DAY 6, NOVEMBER 2, 2007
The morning dawned clear and bright, Lake Titicaca shining a brilliant blue in the monochrome brown mesetas and pampas of the Peruvian altiplano. We traveled 54 kilometers by bus from Puno to the community Huantacachi Chila, where a group of women savers welcomed us warmly. The women were wearing their traditional dress-- beautifully embroidered sweaters, wide skirts, and hats, brightly embroidered ones for the single women and round-topped brown felt hats for the married women.
Rosa Condori Escobar, President of the Pankaristas (flowers in Aymará, one of two native languages spoken in Perú) told us of her community’s experience with savings at the Los Andes Rural Credit Union over the past two years. Her address was translated from Aymará into English and French by Maria Victoria and Alejandrino, the group’s two hard-working translators.
The community works principally in cattle-raising cattle also plants potatoes, wheat, quinoa and barley for their own consumption. In their testimonies, Señora Rosa, Lula Pari and other members of the community described how their savings accounts have given them a sense of security, raised their self confidence and have also helped them learn good money management practices.
We headed on, visiting another community where the Maria Auxiliadora Savers welcomed us in the community hall. Nancy Garavito Pari, President of the group, and other members related their experiences with savings, sang, danced and invited us to share a meal of quinoa with milk.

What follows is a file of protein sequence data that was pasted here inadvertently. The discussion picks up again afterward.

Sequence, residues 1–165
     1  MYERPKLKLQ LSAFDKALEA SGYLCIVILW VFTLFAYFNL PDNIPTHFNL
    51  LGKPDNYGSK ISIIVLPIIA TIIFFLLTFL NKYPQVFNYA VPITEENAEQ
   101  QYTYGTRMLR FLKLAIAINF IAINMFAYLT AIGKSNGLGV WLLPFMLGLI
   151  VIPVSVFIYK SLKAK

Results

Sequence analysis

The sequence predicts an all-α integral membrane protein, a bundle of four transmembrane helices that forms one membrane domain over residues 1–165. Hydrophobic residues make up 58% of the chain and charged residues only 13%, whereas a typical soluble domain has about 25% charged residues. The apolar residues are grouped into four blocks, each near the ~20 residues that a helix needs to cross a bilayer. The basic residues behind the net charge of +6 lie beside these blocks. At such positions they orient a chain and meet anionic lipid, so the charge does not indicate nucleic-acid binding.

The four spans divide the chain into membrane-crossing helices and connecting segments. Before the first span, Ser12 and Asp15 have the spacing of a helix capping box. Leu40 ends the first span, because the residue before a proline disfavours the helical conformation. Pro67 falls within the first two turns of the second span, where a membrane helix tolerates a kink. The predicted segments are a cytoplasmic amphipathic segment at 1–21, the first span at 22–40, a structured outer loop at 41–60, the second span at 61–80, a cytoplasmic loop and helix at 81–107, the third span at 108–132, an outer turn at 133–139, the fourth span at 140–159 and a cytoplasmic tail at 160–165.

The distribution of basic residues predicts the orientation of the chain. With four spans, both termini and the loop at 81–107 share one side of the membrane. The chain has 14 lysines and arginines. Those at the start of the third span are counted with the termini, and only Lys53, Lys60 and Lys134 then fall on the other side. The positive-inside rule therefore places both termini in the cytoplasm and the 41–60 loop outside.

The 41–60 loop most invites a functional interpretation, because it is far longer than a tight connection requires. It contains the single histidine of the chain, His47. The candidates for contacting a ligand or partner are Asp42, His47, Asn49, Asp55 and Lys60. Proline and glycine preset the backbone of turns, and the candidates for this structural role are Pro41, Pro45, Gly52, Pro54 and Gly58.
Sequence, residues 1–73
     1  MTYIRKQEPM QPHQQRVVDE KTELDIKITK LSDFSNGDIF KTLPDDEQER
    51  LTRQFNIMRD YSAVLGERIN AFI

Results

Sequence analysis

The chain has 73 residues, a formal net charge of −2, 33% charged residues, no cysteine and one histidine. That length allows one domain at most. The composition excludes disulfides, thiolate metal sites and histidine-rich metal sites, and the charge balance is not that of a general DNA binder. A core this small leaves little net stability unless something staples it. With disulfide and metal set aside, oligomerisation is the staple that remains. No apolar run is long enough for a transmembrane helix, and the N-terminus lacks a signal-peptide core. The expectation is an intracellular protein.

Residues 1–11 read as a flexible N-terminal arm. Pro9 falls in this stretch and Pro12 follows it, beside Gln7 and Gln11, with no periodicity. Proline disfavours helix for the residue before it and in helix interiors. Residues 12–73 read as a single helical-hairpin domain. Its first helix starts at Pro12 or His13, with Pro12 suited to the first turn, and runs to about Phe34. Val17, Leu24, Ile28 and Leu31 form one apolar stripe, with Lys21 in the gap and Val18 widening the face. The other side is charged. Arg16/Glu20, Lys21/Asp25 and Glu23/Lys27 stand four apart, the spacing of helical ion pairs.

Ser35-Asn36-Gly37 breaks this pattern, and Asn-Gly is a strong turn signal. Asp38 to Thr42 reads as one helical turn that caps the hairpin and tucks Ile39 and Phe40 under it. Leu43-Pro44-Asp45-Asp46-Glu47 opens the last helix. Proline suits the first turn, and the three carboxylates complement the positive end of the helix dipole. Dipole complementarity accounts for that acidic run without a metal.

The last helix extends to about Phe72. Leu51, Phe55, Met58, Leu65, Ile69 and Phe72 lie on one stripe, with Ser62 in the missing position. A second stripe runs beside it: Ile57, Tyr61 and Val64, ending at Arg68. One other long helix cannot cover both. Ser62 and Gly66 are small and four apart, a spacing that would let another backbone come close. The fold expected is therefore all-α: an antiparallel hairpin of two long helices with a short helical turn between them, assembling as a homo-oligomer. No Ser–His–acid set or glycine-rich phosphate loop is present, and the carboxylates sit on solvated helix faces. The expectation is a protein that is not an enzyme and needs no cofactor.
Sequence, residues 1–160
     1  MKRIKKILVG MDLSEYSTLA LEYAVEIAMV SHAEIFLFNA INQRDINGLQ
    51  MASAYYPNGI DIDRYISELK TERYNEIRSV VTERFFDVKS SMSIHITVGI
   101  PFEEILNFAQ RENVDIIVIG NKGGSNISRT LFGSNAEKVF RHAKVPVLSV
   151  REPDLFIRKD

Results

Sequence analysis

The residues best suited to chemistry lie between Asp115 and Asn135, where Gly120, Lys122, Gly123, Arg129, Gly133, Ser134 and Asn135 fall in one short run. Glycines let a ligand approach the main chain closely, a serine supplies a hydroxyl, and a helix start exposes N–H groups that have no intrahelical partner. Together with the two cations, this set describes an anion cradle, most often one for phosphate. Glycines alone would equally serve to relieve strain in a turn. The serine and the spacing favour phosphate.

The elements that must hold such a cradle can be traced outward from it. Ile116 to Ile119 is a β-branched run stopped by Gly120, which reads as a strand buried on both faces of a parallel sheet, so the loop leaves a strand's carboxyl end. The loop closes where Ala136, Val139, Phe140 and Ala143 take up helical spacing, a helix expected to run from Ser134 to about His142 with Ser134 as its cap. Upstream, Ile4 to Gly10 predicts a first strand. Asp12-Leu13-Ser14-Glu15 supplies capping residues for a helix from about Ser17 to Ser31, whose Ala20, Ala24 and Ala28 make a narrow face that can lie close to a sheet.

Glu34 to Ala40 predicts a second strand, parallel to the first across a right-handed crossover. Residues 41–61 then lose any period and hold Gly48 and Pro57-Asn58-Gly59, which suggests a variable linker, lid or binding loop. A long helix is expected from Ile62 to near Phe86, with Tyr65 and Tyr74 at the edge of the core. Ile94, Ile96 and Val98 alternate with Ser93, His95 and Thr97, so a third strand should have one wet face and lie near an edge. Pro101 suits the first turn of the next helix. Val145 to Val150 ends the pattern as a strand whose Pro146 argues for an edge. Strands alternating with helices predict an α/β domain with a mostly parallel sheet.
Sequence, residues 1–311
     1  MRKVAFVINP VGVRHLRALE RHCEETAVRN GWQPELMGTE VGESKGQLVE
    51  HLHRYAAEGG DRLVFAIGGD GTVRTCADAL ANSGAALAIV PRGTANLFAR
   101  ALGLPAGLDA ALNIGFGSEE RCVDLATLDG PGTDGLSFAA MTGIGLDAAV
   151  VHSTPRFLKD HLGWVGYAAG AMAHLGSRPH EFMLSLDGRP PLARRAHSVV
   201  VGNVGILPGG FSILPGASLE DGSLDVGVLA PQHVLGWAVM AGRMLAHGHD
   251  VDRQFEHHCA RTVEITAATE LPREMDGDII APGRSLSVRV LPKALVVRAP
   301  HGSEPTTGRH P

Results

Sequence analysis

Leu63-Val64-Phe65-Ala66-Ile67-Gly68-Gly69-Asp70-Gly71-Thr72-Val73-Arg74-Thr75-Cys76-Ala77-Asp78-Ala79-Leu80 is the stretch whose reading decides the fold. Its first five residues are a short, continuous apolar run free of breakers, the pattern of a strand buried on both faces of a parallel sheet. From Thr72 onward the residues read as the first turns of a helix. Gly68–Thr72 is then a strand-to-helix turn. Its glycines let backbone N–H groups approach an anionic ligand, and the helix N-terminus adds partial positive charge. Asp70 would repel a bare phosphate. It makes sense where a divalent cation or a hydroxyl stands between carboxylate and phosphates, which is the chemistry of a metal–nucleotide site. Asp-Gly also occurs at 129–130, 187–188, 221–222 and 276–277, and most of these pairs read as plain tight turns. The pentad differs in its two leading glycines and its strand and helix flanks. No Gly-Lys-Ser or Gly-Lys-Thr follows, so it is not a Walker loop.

We visited a third community of women savers in Quelca. Carlos Rodriguez, the group’s technical coordinator, moderated a lively exchange between the ruteros and the women savers.
Following an abundant buffet lunch at a restaurant overlooking Lake Titicaca, we headed back to Puno. At the waterfront we boarded a boat to take us to the floating islands of the Ouros. The sun blazed in a brilliant blue sky and the azure-coloured lake spread out before us like an inland sea.
Señora Rita welcomed us warmly to the island where six families live. She explained how the floating islands had been made using blocks of the roots of lake reeds, which are also used to build the Ouros houses and are an important staple of their diet.
We returned to the hotel for a presentation from the Los Andes Rural Savings and Credit Union. Following a round of questions and answers, Don Raúl Calle, Los Andes’ General Manager, gave each participant a present: a chuyo, an Andean woolen hat.
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